What can we do regarding gross negligence by a doctor that resulted in my son having to have 3 surgeries on his finger?

UPDATED: Sep 30, 2022

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What can we do regarding gross negligence by a doctor that resulted in my son having to have 3 surgeries on his finger?

We went in for a broken finger and the doctor insisted it was simply sprained. Unable to explain how it looked, inconsistent with a mere sprain, she insisted he had blood or puss under the nail. She punctured my 14 year-old son’s fingernail to drain it, when there was nothing to drain and I vocally told her so, and in her doing this, she introduced a bone-eating bacteria. He almost lost his finger. He’s been through 3 surgeries. The specialists are dumbfounded that she would do this. That is not even proper procedure (top of nail, which she did by sterilizing a need, with a co-worker’s lighter versus doing it with a properly sterilized needle).

Asked on December 23, 2015 under Malpractice Law, North Carolina


S.L,. Member, California Bar / FreeAdvice Contributing Attorney

Answered 7 years ago | Contributor

Medical malpractice is negligence.  Negligence is the failure to exercise due care (that degree of care that a reasonable medical practitioner in the community would have exercised under the same or similar circumstances to prevent foreseeable harm).
Prior to filing a lawsuit for negligence against the doctor, it may be possible to settle the case with her malpractice insurance carrier.  Obtain the name, address, and telephone number of the doctor's malpractice insurance carrier.  Notify the malpractice insurance carrier in writing that you will be filing a claim on behalf of your son.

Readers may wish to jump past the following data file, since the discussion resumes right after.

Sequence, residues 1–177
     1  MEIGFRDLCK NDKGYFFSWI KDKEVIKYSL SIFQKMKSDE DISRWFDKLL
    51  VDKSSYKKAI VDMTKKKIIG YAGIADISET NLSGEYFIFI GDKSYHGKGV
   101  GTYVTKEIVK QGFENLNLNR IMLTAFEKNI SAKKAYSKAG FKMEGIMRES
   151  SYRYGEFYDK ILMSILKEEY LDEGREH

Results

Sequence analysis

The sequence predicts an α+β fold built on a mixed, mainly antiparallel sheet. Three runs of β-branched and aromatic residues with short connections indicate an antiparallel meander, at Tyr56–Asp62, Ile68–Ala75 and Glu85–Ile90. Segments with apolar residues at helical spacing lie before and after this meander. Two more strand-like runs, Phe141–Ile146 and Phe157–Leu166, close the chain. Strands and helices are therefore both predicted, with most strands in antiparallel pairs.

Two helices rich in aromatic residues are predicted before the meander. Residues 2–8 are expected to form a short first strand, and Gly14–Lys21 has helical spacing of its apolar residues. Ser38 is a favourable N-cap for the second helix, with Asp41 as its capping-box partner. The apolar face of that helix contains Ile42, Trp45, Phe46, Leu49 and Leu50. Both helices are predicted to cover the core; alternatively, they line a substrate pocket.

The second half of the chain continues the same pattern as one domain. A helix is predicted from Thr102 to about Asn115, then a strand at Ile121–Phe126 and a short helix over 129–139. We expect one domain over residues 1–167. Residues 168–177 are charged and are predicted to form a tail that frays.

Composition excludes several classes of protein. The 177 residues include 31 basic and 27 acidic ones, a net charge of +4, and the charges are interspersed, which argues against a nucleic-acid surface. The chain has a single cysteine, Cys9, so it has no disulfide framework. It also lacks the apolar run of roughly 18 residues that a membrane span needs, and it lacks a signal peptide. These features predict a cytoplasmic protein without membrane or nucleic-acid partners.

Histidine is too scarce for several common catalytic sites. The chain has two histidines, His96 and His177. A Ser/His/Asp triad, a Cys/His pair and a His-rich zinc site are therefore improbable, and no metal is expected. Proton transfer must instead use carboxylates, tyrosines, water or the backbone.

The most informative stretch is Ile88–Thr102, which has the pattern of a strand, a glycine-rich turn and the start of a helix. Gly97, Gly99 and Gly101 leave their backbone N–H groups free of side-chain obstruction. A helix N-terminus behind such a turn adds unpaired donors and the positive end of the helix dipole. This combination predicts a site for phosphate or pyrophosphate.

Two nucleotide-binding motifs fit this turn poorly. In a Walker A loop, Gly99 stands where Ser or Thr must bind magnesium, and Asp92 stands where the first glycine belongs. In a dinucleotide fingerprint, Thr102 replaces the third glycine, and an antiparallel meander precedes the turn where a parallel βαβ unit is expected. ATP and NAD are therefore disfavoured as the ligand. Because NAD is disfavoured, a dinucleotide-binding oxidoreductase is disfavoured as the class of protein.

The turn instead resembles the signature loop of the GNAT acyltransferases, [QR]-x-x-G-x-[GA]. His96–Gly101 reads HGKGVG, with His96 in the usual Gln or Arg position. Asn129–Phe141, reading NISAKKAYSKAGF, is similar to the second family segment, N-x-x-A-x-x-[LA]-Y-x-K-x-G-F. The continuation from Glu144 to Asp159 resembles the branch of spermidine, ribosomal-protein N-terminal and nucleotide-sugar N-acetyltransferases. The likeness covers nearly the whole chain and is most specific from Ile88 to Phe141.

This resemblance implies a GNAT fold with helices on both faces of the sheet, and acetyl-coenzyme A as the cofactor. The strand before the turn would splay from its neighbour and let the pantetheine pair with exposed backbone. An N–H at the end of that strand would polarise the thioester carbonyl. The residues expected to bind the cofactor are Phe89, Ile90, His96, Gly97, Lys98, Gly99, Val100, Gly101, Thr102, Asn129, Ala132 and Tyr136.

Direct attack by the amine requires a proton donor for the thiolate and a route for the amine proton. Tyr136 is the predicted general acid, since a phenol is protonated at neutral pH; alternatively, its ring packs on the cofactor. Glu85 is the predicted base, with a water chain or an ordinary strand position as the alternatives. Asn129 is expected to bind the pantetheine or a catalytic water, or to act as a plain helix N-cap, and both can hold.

When your son completes his medical treatment and is released by the doctors or is declared by the doctors to be permanent and stationary, which means having reached a point in his medical treatment where no further improvement is anticipated, obtain his medical bills and medical reports including the reports from the specialists.  Your son's claim filed with the malpractice insurance carrier should include those items.
Compensation for the medical bills is straight reimbursement.  The medical reports will document the nature and extent of his injury/illness and will be used to determine compensation for pain and suffering, which is an amount in addition to the medical bills.
If the case is settled with the first doctor's malpractice insurance carrier, NO lawsuit is filed.
If you are dissatisfied with settlement offers from the malpractice insurance carrier, reject the settlement offers and file a lawsuit for negligence against the doctor.  You will need to be appointed guardian ad litem to file a lawsuit on behalf of your son because he is a minor.
If the case is NOT settled with the doctor's malpractice insurance carrier, the lawsuit on behalf of your son for negligence against the doctor must be filed prior to the expiration of the applicable statute of limitations or your son will lose his rights forever in the matter. 

IMPORTANT NOTICE: The Answer(s) provided above are for general information only. The attorney providing the answer was not serving as the attorney for the person submitting the question or in any attorney-client relationship with such person. Laws may vary from state to state, and sometimes change. Tiny variations in the facts, or a fact not set forth in a question, often can change a legal outcome or an attorney's conclusion. Although AttorneyPages.com has verified the attorney was admitted to practice law in at least one jurisdiction, he or she may not be authorized to practice law in the jurisdiction referred to in the question, nor is he or she necessarily experienced in the area of the law involved. Unlike the information in the Answer(s) above, upon which you should NOT rely, for personal advice you can rely upon we suggest you retain an attorney to represent you.

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